BEST SPIRITUAL MOVIES: Beasts of the Southern Wild

Now available in DVD and Blu-ray. Click the cover to visit the film’s Amazon page.DIRECTOR: Harold “Benh” Zeitlin. RATING: PG-13.
I was at times puzzled by what was going on in this first-time director’s film—but I never once glanced at my watch. Another film in the magic realism genre, this combines concern for the environment with a study of folk in the bottom strata of society, a group of adults who live in a bayou they call “The Bathtub,” cut off from the rest of the world by a levee. The story is told by 6-year-old Hushpuppy and involves both the reality of a hurricane and the onslaught of mythical creatures called Aurochs, set free from their frozen bondage in the Arctic by the melting polar icecap. Her dying father Wink is trying to prepare her for his coming demise when she will be left a total orphan. The film celebrates the proud spirit of these two and their rag-tag neighbors, as well as the real love of the father for his daughter. The surrealistic ending when Hushpuppy confronts the stampeding beasts and shares a last supper with her father stirs something deep and primal within the viewer. Perhaps most fascinating about this production is young Benh Zeitlin’s background. This was his first feature film; he is the son of the co-founders of New York’s famous City Lore, a center devoted to documenting and preserving urban folk culture. The son has traveled far afield for this film, but his storytelling ability is remarkable.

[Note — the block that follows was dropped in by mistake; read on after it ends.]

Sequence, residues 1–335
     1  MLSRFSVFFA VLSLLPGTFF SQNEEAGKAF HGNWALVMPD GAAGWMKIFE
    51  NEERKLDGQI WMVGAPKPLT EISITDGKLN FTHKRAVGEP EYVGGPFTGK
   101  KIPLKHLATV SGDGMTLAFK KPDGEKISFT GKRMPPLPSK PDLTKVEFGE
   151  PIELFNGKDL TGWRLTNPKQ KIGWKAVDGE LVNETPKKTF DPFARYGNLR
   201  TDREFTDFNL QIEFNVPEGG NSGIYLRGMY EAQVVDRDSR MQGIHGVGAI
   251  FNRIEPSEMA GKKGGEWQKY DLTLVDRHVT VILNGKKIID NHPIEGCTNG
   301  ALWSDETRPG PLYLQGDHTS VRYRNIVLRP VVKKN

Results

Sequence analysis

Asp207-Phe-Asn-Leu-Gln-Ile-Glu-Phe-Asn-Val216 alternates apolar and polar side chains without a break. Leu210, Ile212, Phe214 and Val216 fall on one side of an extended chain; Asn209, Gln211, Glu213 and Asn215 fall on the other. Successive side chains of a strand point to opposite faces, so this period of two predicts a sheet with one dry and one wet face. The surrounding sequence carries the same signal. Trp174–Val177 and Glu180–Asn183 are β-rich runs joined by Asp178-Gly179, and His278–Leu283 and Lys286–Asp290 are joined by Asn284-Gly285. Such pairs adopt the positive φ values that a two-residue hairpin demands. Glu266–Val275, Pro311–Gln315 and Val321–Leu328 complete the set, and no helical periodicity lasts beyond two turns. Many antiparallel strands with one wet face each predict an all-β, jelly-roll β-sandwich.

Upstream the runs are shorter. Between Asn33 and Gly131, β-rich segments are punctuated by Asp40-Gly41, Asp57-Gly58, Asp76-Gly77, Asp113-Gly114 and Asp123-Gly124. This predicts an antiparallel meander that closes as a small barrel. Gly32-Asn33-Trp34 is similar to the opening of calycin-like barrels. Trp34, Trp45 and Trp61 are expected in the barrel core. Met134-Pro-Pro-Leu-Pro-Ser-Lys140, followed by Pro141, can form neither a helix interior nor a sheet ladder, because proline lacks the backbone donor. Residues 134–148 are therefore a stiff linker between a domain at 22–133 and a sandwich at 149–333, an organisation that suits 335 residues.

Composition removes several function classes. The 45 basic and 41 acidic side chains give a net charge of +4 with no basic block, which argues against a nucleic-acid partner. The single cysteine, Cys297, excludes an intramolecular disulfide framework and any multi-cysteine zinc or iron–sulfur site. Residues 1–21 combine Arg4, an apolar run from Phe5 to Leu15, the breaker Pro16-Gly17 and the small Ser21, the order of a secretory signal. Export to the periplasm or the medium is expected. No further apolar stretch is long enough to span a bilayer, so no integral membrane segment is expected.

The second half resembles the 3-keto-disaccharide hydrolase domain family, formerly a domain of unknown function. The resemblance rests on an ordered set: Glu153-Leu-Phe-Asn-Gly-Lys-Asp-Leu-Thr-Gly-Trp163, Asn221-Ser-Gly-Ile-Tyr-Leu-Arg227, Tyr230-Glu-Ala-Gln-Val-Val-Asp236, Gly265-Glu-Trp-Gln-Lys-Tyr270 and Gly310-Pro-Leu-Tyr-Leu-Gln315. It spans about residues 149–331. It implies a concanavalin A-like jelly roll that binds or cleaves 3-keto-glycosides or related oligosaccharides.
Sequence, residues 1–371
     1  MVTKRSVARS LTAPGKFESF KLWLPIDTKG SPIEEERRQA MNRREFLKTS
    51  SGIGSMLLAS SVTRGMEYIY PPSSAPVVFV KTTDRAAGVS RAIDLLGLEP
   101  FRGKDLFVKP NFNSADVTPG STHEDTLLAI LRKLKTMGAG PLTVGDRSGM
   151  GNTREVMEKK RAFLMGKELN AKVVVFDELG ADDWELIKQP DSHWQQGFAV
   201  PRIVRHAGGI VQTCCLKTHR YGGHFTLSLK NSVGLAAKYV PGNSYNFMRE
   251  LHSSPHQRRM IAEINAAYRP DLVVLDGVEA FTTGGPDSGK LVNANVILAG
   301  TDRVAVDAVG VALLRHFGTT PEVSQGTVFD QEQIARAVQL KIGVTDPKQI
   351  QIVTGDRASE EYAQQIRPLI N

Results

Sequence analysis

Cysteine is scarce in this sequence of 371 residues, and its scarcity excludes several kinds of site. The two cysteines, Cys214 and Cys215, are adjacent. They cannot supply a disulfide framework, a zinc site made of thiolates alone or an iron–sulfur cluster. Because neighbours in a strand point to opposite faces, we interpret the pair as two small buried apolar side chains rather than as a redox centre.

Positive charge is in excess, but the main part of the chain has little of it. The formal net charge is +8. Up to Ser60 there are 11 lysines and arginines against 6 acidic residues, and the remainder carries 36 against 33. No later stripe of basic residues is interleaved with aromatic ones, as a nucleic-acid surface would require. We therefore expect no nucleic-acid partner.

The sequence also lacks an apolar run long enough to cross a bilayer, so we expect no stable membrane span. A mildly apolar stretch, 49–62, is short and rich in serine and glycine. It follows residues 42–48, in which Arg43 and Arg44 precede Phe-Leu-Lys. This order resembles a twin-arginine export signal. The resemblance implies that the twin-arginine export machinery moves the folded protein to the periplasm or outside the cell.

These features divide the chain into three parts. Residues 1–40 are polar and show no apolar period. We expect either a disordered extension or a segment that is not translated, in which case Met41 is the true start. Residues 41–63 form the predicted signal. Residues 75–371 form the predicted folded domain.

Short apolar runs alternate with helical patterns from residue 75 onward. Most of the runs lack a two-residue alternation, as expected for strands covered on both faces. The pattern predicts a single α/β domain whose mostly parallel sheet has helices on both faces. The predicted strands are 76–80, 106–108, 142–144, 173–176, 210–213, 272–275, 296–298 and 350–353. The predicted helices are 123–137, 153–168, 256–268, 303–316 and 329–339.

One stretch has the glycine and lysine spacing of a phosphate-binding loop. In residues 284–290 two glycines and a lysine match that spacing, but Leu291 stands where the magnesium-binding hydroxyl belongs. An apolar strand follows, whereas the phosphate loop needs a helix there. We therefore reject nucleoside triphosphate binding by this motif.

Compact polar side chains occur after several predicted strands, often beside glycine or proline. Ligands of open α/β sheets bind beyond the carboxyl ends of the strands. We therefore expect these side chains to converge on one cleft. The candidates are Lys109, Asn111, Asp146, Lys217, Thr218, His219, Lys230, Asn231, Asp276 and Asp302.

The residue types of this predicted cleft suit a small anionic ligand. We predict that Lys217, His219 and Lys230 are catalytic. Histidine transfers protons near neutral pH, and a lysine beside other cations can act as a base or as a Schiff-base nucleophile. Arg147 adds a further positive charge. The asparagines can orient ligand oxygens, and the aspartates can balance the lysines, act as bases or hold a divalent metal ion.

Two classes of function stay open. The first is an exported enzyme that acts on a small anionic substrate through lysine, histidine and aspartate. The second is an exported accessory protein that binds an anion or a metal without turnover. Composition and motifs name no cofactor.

Now available on DVD and Blu-ray. Click the cover to visit the Amazon page.DIRECTORS: Jean-Pierre & Luc Dardenne. RATING: PG-13.